Hospice Care Is For the Patient AND the Family

Dear Barbara, My husband was diagnosed with dementia.He has been under hospice care for over 2 years in a residential care home and has now entered EOL stage. Our hospice “service” in AZ focus solely on providing for the needs of my husband so I’m looking for resources to support me and our son.

I responded to this woman but feel led to address “our hospice service in AZ focus solely on providing to the needs of my husband” with anyone who will listen.

My hope is this woman fell through the cracks or misunderstood “hospice service focuses solely” on the needs of the patient. For the record, Hospice service very much focuses on the family and primary caregiver. When in a nursing facility, then their service also includes the staff of the nursing facility.

As I type this, the thought occurs to me that the hospice is considering the staff the primary caregiver and not including the family as part of care. Surely not!! Tell me that isn’t true!!!!

From the very beginning of hospice care in this country, before there was reimbursement and regulations, the plan of care ALWAYS included the family and primary care person. When the Medicare regulations were written family was specifically included. Why would we have bereavement follow-up and support written into the regulations and plan of care if it were not addressing the needs of the family?

90% of end of life care is about education. Education of the signs of approaching death and what to do as it approaches for THE FAMILY AND CAREGIVER. 

Dying is not a medical event. It is a social, communal event. Dying is not a time for procedures or medications. It is time for support, guidance and reassurance FOR THE FAMILY. 

These phrases I’ve said, (actually shouted from the rooftops) for years, 43 years to be exact. These sentences are the essence of end of life care, the essence of hospice care FOR THE FAMILY AND CAREGIVER. Hospice is very much about the patient and family. The patient we keep comfortable and the family we support, guide, and reassure.

Something More... about Hospice Care Is For the Patient AND the Family
My book, The Final Act of Living: Reflections From A Long-Time Hospice Nurse,

is for both professionals and laypeople. This book weaves personal stories with practical care guidelines, including: living with a life-threatening illness, signs of the dying process, the stages of grief, living wills, and other end of life issues.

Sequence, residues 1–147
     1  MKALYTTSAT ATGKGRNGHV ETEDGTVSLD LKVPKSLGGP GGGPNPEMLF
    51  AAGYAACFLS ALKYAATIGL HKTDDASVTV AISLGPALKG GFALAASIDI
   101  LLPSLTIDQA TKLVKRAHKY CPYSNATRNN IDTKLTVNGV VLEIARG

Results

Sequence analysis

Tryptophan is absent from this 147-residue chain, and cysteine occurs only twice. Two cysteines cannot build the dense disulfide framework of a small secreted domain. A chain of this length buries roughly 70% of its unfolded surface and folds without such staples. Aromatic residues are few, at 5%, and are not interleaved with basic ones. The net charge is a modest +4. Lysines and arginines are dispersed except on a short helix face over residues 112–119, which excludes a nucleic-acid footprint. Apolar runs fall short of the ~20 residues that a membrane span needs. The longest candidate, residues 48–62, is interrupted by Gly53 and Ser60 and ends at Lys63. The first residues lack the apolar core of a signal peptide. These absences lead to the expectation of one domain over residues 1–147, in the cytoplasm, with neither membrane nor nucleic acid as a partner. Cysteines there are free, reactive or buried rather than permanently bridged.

The Final Act of Living: Reflections of a Long-Time Hospice Nurse is an end of life book; a resource that reads like a novel, yet has the content of a textbook.

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I think it depends on the hospice and how thinly stretched the staff are. I had a friend whose father was under hospice while dying at home and they were totally left hanging and clueless about what to do, without resources or support options. I think the era of covid and short staffing has affected many areas of elder care and hospice. Hospice basically helped set her father up, sent in a nurse a few times to check on him, and were then told to “call us when he’s passed.”

My friend was pretty upset about the whole experience. They got a card from hospice about a month after he died acknowledging his death. That’s it. When you’re a care giver in the midst of managing a loved one who is dying it’s hard to advocate for oneself in getting resources for your own needs.
Her parents lived in a rural county, so maybe that had something to do with it? Overall I was shocked that no one reached out after or offered any support services for her and her mother who were both caring for her father. They had no idea what the stages of dying looked like.

I advised her to give the hospice feedback about their experience and how unsupported they felt. I don’t believe their expectations were overly high. Ironically my friend is a social work policy advisor for department of aging in California. Her father died in upstate NY.
BK Books replied:
It always makes me sad to hear these kind of stories about hospices not providing comprehensive care. I don’t accept being short staff as an acceptable reason for poor care. Blessings, Barbara


Oh Barbara, how I wish Hospice care was like what you describe. “Why would we have bereavement follow-up and support written into the regulations and plan of care if it were not addressing the needs of the family?” We got NOTHING like this from the hospice we used. And after my brother died we never even got a phone call or a condolence card from the agency. Never heard from them again. And prior to his death they provided nothing in terms of family support. It was all about medication. We live in the 4th largest city in the country and used a highly recommended agency. Hospice today is nothing like the wonderful ideal you describe in your books. I wish you had more influence over these agencies. The current reality is a sad, disappointing one.
BK Books replied:
I know Donna, it makes me sad also to see hospices providing such substandard care. Blessings, Barbara

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